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GREEK NEWS

Greece Must Take a Harder Stance on Migration Issue

Greek Prime Minister Kyriakos Mitsotakis made a wise decision on Thursday morning in  asking riot police to leave the islands of Chios and Lesvos. It was a much-needed move to de-escalate tension after two days of clashes between police and islanders that left dozens injured on both sides.

It was a smart decision, made to cover a stupid decision he had made several days earlier when he sent several units of riot police to the Aegean islands.

According to local people on Chios, the riot police disembarked from the ferries with the air of being there to enforce the law by any means necessary — and they actually did use excessive force.

As a result, the violence that erupted quickly spiraled out of control.

Finally, Maximos Mansion realized that building the hated migrant detention camps on these particular islands would not be as easy as pushing a bill through Parliament. It was a blatant act against the people’s will, and Minister for Citizen Protection Michalis Chrisochoidis has a great deal to answer for regarding these instances of police violence.

PM Mitsotakis also has a scheduled meeting on Thursday with the mayors of the Aegean islands which have for so long borne the brunt of the migrant influx.

On the one hand the PM will ask them to contribute to the de-escalation of the tension, and on the other he will again ask for realistic proposals on their part, since they persist in rejecting the government plan. This will serve as his invitation for them to assume their responsibilities towards the state and the citizens they represent.

The determination to build the detention camps for migrants who do not qualify for asylum and are due for deportation back to Turkey indicates that the Greek Prime Minister is following orders from the European Union. The reality is that most of those people will be here for a very long period of time. And some, perhaps, will be here permanently.

It’s time for the Greek government to admit to the people that most of the asylum seekers are here to stay. The Syrian refugees, fleeing war, will certainly stay. Others will have to be sent back to their place of origin, while yet more will be the exceptions and stay in Greece or be transferred to the more affluent Northern Europe, just as they had originally wished.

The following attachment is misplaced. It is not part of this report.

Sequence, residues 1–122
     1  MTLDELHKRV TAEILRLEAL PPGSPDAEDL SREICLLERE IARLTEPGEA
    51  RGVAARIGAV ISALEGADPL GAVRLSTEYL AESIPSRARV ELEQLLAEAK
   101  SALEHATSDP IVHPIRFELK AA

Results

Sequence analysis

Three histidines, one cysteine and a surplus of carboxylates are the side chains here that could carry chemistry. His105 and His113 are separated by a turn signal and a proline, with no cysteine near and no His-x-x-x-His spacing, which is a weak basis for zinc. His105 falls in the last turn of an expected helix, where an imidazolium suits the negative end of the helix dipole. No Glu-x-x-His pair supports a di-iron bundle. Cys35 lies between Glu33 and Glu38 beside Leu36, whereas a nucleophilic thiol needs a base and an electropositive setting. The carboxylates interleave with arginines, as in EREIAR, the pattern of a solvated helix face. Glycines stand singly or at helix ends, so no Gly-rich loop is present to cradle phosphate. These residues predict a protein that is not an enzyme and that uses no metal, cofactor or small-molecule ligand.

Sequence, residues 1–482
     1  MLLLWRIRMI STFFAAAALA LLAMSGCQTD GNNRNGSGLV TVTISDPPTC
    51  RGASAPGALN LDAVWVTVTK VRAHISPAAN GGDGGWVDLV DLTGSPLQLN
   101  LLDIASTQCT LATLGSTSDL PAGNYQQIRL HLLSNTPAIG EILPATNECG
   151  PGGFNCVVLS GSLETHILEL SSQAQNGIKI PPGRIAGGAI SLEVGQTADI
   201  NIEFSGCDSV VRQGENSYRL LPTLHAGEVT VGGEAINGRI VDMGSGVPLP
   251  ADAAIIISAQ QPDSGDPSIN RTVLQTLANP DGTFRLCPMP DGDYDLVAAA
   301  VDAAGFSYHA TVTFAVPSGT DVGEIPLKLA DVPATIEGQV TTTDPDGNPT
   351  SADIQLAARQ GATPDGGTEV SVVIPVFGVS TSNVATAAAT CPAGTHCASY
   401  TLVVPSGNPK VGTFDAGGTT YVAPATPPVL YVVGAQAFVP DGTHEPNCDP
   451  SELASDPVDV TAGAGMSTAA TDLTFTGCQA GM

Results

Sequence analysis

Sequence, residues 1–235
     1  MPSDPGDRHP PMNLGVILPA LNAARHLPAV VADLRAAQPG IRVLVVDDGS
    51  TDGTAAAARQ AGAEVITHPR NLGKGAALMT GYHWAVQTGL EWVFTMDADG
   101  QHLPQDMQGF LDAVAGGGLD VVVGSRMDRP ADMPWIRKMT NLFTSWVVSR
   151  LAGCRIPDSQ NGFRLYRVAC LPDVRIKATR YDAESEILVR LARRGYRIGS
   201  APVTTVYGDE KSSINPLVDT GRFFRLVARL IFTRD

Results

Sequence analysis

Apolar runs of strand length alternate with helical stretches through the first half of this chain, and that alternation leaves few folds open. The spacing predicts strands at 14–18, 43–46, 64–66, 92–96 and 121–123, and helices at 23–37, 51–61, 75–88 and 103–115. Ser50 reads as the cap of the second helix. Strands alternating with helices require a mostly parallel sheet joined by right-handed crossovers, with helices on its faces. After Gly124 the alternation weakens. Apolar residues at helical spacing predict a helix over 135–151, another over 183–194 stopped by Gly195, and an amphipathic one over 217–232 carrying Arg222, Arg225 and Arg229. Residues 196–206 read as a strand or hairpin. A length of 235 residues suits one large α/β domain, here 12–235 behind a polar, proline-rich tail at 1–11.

On Wednesday, there were 148 new arrivals added to the hundreds of thousands who are already in limbo now in Greece. And this is another thing that the Greek government must be truthful about: The number of undocumented migrants on Greek soil is out of control.

After the European Union effectively closed its borders to migrants and refugees in 2016, there was a silent agreement made between Greece and the EU that those who enter Greece would stay.

This is the reason for the unbelievable amount of red tape involved in handling asylum seekers, who have been granted equally unfathomable rights by recent EU legislation on migration.

The Greek PM had pledged in his election campaign that his administration would tackle the migrant problem. However, the task is admittedly gargantuan. Greece lacks the resources to deal with the issue alone. It needs help from its EU partners, who appear to be looking away from this explosive situation in complete indifference.

In fact, it is obvious that the EU actually wants to dump all migrants on Greece, after several of its member states received the number of refugees and migrants they had agreed to accept.

The new arrivals are not welcome in Europe; therefore they can be stored in its  backyard, also known lately as the nation of Greece.

No wonder the previous administration received so much praise from Europe for its “humanity” and “hospitality” towards migrants and refugees.

Polls show that about 65 percent of Greeks are worried about the migrant influx. Aegean islanders are right now literally suffering from it. Mainland Greeks are now reacting as well to the numerous migrant hospitality centers that are popping up across the country.

It is time, then, for Mitsotakis to take a harder stance on the issue. To demand — not ask — EU staff to man the asylum services and registration centers, as well as additional Frontex personnel and vessels to guard its waters, which are also the borders of Europe.

It’s time to demand that asylum procedures be made stricter and that the dormant 2016 EU-Turkey agreement for the return of refugees to Turkey is actually put into effect.

Then the Prime Minister should take the issue to the European Parliament and, for once, act as if Greece is an equal to all the other states, not the poor relative who is forever in debt, begging for help from the more affluent ones.

And not back down until the problem is resolved.

Finally, on the home front, Mitsotakis must draft a new, stricter migration bill that would make Greece a less favorable destination. At the same time, deportation procedures should be expedited, especially for those who have broken the law in any way.

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